With every election comes the opportunity to establish a renewed vision for our community: this election is no different. Voters in the November 7 general election are tasked with electing citywide leadership, including the Seattle Mayor and two citywide Seattle City Council seats, and three of the five Port of Seattle Commission seats.

The Urbanist Elections Board evaluated eight eligible candidates for endorsement for Port of Seattle, Seattle City Council, and Mayor of Seattle. We also considered the King County Veterans and Human Services Levy. From this pool, we have endorsed five leaders who both share our urbanist values and have presented clear plans to enact those values into tangible policies. We are proud to present our 2017 general election endorsements.

Mayor of Seattle: Cary Moon
Cary Moon

We endorsed Cary Moon in the primary, and we couldn’t be more excited to carry that over to the general and see her in office.

As a urban planner with decades of experience, she understands urbanist concerns far better than her opponent, Jenny Durkan. At the Growing Seattle Forum, Moon expertly answered the Vision Zero and mode hierarchy questions, putting people walking and biking at the top of her list, whereas Durkan put pedestrians last on her list. While this may seem academic, the rankings are a solid indication if increasing safety for the most vulnerable street users will be a priority for a candidate. Durkan seemed more interested in the car-centric status quo.

Moon would go to bat for municipal broadband while all indications are that Durkan would not. Moon has been adamant about using legal tools at the city’s disposal to curb the increase in housing speculation that is contributing to higher prices in Seattle. Durkan has made attempts to smear those ideas before eventually coming around on them. Moon champions missing middle housing types in single-family zones while Durkan has signaled that she is much more hesitant to touch sanctified bungalow-land, as we pointed out earlier in the election season.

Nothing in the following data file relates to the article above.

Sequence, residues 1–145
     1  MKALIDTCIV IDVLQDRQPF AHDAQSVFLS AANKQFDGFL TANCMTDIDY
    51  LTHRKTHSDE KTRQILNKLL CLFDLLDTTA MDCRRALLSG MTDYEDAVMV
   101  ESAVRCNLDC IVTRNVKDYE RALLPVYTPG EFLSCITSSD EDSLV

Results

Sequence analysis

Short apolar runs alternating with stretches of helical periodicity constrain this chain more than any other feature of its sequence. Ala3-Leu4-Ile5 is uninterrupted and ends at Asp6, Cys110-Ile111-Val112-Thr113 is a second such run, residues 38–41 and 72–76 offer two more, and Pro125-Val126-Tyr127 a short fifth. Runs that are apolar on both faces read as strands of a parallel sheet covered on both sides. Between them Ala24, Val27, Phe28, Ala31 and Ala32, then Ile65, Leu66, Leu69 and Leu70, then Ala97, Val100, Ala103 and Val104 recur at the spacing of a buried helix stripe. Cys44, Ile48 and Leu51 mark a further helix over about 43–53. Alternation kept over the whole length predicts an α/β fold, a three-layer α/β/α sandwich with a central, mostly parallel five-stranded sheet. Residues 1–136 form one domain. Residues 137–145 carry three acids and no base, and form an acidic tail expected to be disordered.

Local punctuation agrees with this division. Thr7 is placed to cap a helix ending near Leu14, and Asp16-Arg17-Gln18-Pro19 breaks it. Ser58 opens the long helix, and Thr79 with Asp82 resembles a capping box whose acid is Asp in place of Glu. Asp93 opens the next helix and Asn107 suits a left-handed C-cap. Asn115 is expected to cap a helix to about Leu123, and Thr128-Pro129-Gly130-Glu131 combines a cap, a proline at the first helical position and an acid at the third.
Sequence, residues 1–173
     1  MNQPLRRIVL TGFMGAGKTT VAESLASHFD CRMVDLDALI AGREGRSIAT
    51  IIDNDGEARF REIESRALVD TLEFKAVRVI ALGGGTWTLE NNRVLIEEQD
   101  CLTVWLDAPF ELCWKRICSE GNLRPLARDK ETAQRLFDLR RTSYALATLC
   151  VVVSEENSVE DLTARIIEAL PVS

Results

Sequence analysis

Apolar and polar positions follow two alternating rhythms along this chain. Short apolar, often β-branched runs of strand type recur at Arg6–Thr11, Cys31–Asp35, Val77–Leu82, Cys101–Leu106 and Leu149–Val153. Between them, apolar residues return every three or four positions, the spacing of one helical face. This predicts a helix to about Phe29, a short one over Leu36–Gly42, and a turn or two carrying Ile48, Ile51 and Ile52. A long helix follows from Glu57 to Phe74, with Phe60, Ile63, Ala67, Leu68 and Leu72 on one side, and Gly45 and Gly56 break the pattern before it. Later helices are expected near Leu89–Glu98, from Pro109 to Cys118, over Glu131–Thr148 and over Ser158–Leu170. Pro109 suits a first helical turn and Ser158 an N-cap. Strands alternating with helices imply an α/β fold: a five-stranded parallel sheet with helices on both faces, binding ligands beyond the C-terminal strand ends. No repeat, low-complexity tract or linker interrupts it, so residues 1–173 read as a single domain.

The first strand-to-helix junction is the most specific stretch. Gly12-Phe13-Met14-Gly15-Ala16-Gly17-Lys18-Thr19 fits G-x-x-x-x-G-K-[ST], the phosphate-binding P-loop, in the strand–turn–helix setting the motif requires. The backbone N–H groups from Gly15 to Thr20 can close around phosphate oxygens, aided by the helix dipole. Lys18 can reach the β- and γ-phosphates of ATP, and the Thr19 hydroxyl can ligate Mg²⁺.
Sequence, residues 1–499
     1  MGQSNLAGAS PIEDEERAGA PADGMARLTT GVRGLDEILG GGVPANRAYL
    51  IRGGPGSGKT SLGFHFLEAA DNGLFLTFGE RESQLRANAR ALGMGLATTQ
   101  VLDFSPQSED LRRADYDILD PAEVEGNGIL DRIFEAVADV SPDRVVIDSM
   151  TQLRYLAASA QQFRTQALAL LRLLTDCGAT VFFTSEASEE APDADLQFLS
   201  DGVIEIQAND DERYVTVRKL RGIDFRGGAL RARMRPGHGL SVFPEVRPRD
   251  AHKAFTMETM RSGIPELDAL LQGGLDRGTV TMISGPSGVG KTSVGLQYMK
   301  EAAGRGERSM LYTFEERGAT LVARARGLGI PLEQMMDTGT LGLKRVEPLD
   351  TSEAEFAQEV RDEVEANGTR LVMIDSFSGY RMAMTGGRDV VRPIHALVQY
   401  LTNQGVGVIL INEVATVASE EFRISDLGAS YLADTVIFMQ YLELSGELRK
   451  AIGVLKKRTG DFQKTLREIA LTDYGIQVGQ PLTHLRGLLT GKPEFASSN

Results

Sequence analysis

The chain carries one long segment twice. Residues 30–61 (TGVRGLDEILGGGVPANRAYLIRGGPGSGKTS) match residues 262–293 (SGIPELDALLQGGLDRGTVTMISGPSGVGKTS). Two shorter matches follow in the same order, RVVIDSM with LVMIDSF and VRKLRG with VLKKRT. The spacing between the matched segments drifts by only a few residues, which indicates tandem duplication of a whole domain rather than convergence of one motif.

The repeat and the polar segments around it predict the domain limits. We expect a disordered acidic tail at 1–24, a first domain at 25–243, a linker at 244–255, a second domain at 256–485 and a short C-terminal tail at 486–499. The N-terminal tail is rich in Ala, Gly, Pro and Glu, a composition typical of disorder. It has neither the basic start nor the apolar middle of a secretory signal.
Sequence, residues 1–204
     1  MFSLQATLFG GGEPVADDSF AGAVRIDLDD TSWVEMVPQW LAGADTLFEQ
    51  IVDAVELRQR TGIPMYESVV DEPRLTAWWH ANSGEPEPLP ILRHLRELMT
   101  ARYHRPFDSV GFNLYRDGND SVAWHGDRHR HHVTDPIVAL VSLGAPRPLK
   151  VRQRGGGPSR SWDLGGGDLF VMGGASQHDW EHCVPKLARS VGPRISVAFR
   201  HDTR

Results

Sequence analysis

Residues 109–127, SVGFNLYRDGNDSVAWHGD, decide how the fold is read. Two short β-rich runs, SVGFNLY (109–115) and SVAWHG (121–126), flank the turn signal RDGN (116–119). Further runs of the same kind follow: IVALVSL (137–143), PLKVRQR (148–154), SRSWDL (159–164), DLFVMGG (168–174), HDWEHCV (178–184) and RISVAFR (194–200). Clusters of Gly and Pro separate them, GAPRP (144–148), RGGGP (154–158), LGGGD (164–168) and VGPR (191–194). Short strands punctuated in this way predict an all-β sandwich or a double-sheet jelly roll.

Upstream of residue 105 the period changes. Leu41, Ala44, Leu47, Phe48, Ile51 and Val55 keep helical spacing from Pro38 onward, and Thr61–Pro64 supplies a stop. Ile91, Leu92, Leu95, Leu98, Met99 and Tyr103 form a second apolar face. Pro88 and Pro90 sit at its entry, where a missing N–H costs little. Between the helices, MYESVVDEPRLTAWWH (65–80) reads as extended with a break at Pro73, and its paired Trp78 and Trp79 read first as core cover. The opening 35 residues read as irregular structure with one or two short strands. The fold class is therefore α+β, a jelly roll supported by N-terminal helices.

Moon has a strong platform on public transit. While every candidate promised to speed up the delivery of Seattle’s Sound Transit 3 projects, Moon uniquely came forward with a funding source, pledging to look into using municipal bonding to start construction faster, as Seattle Subway has proposed. Streamlining process and permitting can only go so far if Sound Transit doesn’t have enough money in the bank to bid out the contracts and begin building the lines.

We trust Moon to get busses moving by fighting to add dedicated lanes, queue jumps, and signal priority. We also trust her to take on safe infrastructure for pedestrians and people on bikes as a major priority. 

Rather than strengthen her own transit plans, Durkan has sought to draw attention to Moon’s husband as a potential source of conflict of interest in serving on the Sound Transit Board. Moon’s husband is an architect at a firm with a few Sound Transit contracts. We don’t buy Durkan’s scare tactic. Moon may have to recuse herself on issues that directly pertain to her husband’s work, but we’d rather have Moon representing Seattle’s light rail interests knowing she may have recuse herself once in a blue moon rather than a full-time Durkan.